In light of the boom in student accommodation projects, Urban Melbourne recently took the opportunity to chat with Hayball duo Marcus Ieraci and Tom Gilbert.
As senior members of the Southbank-based design practice, both are heavily involved in Hayball's numerous student accommodation endeavours, and are all to happy to outline where the sector has come from in Melbourne, and more importantly, what lies ahead.
As a point of reference Hayball has designed 6,726 student accommodation beds to date, and have a further 5,474 beds in design and development. Research indicated that during 2015, Hayball was working on approximately 20% of all projects within the student accommodation market.
But both demand and design weren't always to current levels.
Tom Gilbert explains that prior to the Global Financial Crisis of 2009, the student accommodation market was a very different beast. In those times student accommodation developments generally consisted of strata owners buying into projects where studios were stacked atop one another, and the design nous was akin to that of a silo.
Built at the lowest price possible, they led to rudimentary design and livability outcomes. Post the Global Financial Crisis a hiatus in student accommodation occurred as the strata model fell by the wayside, whilst overseas student numbers grew steadily in the interim.
A new model of student accommodation delivery was taking shape in response to the shortage of beds.
The entrance of investment vehicles backed by multinational/institutional funding has led to a 'ready to go' mentality for project delivery. It has also led to the typical student accommodation project now being a very different beast.
Marcus Ieraci explains that even though a handful of players are now dominating the development scene within the sector, competition to attract students and the endorsement of any given university is high. Add the extensive research undertaken by institutions such as University of Melbourne, and the design of the once humble student accommodation building has radically changed.
It's this university driven research that shows students are looking for the inner city living experience close to their place of education, but not necessarily on campus. Design informed by research on how students prefer to study, socialise and interact within these new buildings has given rise to the cluster formation; a 'dormitory' of sorts.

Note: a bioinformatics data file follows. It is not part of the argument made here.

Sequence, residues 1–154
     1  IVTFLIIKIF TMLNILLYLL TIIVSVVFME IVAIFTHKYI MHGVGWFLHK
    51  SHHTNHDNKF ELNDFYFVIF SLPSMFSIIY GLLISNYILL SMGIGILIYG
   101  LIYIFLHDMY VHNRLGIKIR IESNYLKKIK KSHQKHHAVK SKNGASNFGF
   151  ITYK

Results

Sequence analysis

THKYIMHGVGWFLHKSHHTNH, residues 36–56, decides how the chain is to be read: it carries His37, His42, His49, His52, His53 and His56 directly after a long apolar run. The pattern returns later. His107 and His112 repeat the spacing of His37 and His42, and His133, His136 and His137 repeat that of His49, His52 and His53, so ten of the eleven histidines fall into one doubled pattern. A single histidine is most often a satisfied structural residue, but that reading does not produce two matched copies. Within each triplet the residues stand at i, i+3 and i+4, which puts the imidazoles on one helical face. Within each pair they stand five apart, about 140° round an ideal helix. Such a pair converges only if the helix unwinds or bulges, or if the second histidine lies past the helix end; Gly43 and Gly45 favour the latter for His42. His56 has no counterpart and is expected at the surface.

Tom Gilbert adds that of current crop of developers in the sector, some are simply misreading the market and still providing solely studios.
Hotel like in their amenities and appearance, all student accommodation designs also now include Melbourne City Council's mandate that there must be a minimum of 1.25sqm of communal space per student within any given development. More astute players are pushing the envelope to 2.5sqm in light of the competition between providers.
Marcus Ieraci maintains that these communal areas are at the crux of the modern student accommodation building, where design budgets and allocated space are tight yet pivotal to the end result.
Currently Hayball's major Melbourne student accommodation projects include Blue Sky's 42-50 La Trobe Street, Urbanest's 599 Swanston Street, 1 Flemington Road plus Blue Sky’s Waymouth Street accommodation in Adelaide.
In the light of design features which champion communal spaces, connectivity, dynamic design and interaction with one's surrounds, the question was posed regarding the future direction of student housing, both in Melbourne and in the wider context.
Marcus Ieraci believes that Hayball's La Trobe project is a true ground breaker in a number of regards. A light weight facade and light structure thanks to builder Hickory Group's HBS method will allow for speed of construction, increased build quality and adaptability upon completion. Modern student accommodation builds increasingly have an eye toward the future.
Extensive modelling during design allows for facades and even entire floors to be adjusted for different use, should a need arise down the track.
Overseas design trends also factor into current design considerations. Tom Gilbert points toward the emerging trend of communal design aspects within student accommodation projects where research, commercial and residential elements blend to create incubator-like environment. Melbourne has yet to see this format.